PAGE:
Dog and bone is a combination as old as time. Dogs have been shown chewing bones in popular media for so long that it’s hard to tell where the association came from. However, the association is not going anywhere, especially since it has many roots in reality.
So why do dogs love bones so much? Many dog owners can attest to the fact that dropping a bone in their dog’s paw can keep them busy for hours and help release a lot of pent up chewing energy. Here are three reasons your dog loves bones.
3 Main Reasons Dogs Chew Bones:
1. They are Delicious and Nutritious
Bones are an excellent source of nutrition for dogs. They are omnivores, so they get their nutrition from plants and animals.
Bone marrow contains many important nutrients and healthy fats that are tasty and nutritious. Historically, dogs would chew on bone marrow to help support them while hunting and protect their masters.
It’s not just the marrow that contains fat. Fat holds bones together structurally, so chewing on bones alone provides essential nutrients. In addition to healthy fats, bones are also an excellent source of calcium for dogs.
Raw bones also often have meat residue that can be eaten when chewed. While today’s dogs get all of their essential nutrients from their dog food, their ancestors needed to make sure they got every ounce of nutritional value they could get from their environment.
2. It’s Fun for Them
It’s not only healthy for dogs to chew on bones; it’s fun for them too! Dogs like to chew something just for fun, and bones can be a healthy way out for this behavior. If you have a dog who likes to gnaw at things and accidentally break things, bone marrow can be a great addition to their toy repertoire.
Dogs learn to chew when they are very young. Chewing toys and other objects help relieve discomfort during the teething stage. This chewing stimulates them mentally and satisfies many of their prey’s impulses.
As they get older and have sharper teeth, chewing can become a destructive behavior. So distract your dog from your shoes and onto the bones or horns so they can head to town without damaging them right away!
3. It Helps Clean Their Teeth
Chewing bones also helps clean their teeth. The chewing motion not only helps remove food particles that are stuck to their teeth, but also helps prevent plaque buildup as their teeth will erode whatever surface they chew on.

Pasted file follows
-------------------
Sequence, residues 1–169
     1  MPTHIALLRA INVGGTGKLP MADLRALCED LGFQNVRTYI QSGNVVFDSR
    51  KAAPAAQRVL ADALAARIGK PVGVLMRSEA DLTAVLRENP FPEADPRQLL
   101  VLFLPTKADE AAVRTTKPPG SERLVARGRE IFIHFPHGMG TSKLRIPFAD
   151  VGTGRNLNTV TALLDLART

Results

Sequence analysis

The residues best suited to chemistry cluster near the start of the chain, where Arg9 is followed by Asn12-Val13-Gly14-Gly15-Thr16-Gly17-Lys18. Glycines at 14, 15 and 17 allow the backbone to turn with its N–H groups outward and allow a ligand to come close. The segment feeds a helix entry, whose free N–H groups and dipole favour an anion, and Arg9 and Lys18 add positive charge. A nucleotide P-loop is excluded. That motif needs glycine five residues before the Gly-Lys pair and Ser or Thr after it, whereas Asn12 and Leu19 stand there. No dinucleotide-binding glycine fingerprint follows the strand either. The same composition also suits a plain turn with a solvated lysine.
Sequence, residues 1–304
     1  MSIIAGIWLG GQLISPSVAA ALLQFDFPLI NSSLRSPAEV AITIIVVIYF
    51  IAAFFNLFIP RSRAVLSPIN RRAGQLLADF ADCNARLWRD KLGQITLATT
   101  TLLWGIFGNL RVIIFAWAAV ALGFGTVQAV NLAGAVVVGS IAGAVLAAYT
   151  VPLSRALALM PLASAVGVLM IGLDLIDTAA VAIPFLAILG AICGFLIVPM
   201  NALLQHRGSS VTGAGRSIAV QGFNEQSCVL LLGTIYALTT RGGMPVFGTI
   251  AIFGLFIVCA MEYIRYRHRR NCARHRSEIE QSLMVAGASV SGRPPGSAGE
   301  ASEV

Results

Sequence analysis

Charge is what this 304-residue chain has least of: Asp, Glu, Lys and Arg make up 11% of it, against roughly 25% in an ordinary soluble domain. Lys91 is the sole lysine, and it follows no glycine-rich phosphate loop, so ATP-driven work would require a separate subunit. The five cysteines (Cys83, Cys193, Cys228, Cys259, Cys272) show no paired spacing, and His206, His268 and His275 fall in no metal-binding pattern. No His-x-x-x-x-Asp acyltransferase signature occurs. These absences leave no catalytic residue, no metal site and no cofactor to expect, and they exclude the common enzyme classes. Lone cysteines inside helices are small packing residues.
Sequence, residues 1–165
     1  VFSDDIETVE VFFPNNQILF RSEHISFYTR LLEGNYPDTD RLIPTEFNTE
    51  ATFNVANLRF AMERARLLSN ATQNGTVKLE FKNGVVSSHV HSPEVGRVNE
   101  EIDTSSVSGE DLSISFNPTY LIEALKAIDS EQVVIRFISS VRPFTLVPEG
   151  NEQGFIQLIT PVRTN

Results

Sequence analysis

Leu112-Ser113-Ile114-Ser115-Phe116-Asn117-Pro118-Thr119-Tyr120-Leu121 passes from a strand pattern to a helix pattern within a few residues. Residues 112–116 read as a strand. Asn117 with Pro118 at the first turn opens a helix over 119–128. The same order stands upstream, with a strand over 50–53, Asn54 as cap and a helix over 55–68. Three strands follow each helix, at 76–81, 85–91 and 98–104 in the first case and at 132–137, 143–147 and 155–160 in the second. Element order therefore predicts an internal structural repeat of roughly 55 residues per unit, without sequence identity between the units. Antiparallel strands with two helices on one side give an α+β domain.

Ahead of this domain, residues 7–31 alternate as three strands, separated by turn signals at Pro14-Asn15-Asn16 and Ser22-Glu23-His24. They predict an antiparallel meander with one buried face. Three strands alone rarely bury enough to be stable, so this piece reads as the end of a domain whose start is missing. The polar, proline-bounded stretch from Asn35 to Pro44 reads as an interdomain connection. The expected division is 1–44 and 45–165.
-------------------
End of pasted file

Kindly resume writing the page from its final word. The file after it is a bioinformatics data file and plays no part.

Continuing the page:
This makes bones ideal for improving the health of their teeth because the solid bone marrow or horn will help scrape off the plaque on their teeth.
How to Safely Give Your Dog Bones
Still, don’t start throwing your dog’s bones off the dinner table. Despite these health and wellness benefits, giving your dog bone is still dangerous, and many veterinarians would recommend against it because irresponsible feeding practices can be fatal.
Here are some basic tips for giving bones to dogs:
- Cooked bones should never be given to dogs as cooking them makes them brittle and prone to breakage. These flakes can cut your dog’s mouth or throat if ingested and can be fatal.
- Small bones should not be given to large dogs. They can be swallowed, and dogs can choke on bones, even to death. Any given bone must be the right size for your dog to avoid a choking hazard.
- While some big dogs can handle small bones, it’s often better to be safe than sorry. You know your dog’s chewing style best; so, use your best judgment on the size of the bone they receive. If you have a dog who can’t be trusted not to swallow small bones, make sure you take the bones from your dog once they are small enough to fit in his mouth.
- Commercial bone marrow, horns, and other chew toys can be given to your dog. They are made with dogs in mind and are never cooked so they are not brittle. Raw chicken, lamb, turkey, and beef bones can also be given to your dog.
- Any raw bones should be refrigerated when your dog is not chewing them and discarded after a few days. Storing raw bones for too long, even in the refrigerator, is a breeding ground for bacteria that can make your dog sick.
- You should always monitor your dog when they have a bone. Even if the bone isn’t brittle, it can still break or break, and you’ll want to be able to respond quickly and retrieve the bone if that happens.
- If you have more than one dog, watch for signs of aggression between them. Dogs can protect bones and may react aggressively when they have bones, even if they are usually very docile.
Bones are a great addition to your dog’s diet. They present a variety of health and wellness benefits when fed responsibly and can help entertain and stimulate your dog! As long as you are aware of the conditions and circumstances under which your dog gets bones, they should not pose a significant health risk.
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